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Based on popular images and scientific literature discussing geographic information science (GIScience) approaches for hazard analysis, it might be assumed that GIScience is a core element in the response and recovery phases of the disaster cycle. Findings from our research suggest that the use of GIScience in disaster response/recovery is: (1) in an evolutionary phase and (2) timing and coordination are major impediments. In Spring 2005 (prior to Hurricane Katrina), a survey was conducted of all state-level emergency preparedness offices to determine geographic information system/remote sensing use (hereafter referred to as geographic information technologies, or GIT) and spatial data needs. While a few states had five to seven staff educated in GIT, 23% had no spatial analysts in early 2005. Thus, for many states the adoption of GIT is still in its infancy. This finding also indicates that many state emergency management agencies (EMAs) would benefit from external (e.g., state/local/federal agency, private, university) expertise in order to utilize GIT during a hazard event. With a focus on remote sensing, we use three hurricane events to illustrate the federal government’s work to change procedures associated with GIT during response/recovery efforts. Concrete and anecdotal information on the role of GIT in Hurricanes Andrew (1992), Floyd (1999), and Katrina (2005) are provided. Acceptance of GIT must be based on timeliness of data/information, awareness by the user community, and appropriate application to response/recovery endeavors.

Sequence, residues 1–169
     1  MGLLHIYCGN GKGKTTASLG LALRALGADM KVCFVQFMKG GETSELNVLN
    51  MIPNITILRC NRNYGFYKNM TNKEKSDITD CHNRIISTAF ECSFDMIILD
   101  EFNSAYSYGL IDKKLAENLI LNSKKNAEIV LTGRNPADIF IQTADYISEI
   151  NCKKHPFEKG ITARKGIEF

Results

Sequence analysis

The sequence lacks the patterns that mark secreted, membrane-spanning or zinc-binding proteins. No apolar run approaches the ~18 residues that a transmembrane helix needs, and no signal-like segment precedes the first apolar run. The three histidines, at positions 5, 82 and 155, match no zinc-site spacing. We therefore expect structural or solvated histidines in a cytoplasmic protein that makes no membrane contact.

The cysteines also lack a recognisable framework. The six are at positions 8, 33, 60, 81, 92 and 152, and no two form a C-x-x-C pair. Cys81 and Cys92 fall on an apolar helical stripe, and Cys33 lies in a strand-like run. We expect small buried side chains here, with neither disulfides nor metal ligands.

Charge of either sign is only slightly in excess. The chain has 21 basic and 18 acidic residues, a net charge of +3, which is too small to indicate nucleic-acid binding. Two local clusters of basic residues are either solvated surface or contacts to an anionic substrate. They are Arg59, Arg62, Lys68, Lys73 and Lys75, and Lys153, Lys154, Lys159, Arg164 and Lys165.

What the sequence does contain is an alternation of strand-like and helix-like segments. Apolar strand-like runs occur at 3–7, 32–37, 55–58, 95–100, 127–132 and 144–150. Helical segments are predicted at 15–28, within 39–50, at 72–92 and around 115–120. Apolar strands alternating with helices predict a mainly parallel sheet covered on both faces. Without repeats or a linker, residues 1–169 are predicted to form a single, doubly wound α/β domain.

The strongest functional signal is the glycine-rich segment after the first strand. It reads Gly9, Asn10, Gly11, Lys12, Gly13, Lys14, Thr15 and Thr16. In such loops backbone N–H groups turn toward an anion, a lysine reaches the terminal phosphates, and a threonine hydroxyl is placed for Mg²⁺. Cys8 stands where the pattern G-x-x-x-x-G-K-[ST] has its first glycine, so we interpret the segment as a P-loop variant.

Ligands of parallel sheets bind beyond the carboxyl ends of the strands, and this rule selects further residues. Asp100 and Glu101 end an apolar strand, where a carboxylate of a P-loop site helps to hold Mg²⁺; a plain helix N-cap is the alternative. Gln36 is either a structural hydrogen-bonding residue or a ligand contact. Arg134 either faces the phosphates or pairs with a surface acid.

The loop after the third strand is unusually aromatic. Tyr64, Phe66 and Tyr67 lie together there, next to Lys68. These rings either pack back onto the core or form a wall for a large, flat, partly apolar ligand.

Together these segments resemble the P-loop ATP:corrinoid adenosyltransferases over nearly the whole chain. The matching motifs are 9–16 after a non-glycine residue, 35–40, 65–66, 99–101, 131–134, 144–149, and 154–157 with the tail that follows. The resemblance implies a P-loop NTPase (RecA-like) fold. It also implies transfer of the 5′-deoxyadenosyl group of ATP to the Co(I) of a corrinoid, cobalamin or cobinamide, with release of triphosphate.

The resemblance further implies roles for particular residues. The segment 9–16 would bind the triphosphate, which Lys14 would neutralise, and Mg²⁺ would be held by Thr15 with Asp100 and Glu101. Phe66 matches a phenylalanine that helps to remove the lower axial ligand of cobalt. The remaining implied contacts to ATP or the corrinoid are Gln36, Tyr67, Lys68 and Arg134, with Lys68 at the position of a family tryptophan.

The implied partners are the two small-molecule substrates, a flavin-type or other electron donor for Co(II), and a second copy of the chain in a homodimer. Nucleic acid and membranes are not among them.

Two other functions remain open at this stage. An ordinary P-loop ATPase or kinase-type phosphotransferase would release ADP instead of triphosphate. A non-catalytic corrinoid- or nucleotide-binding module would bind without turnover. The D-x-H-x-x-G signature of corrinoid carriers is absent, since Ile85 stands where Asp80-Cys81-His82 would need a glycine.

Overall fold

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- Remote Sensing and GIS Data/Information in the Emergency Response/Recovery Phase
Michael E. Hodgson
Bruce A. Davis
- Springer Netherlands
- Chapter 16
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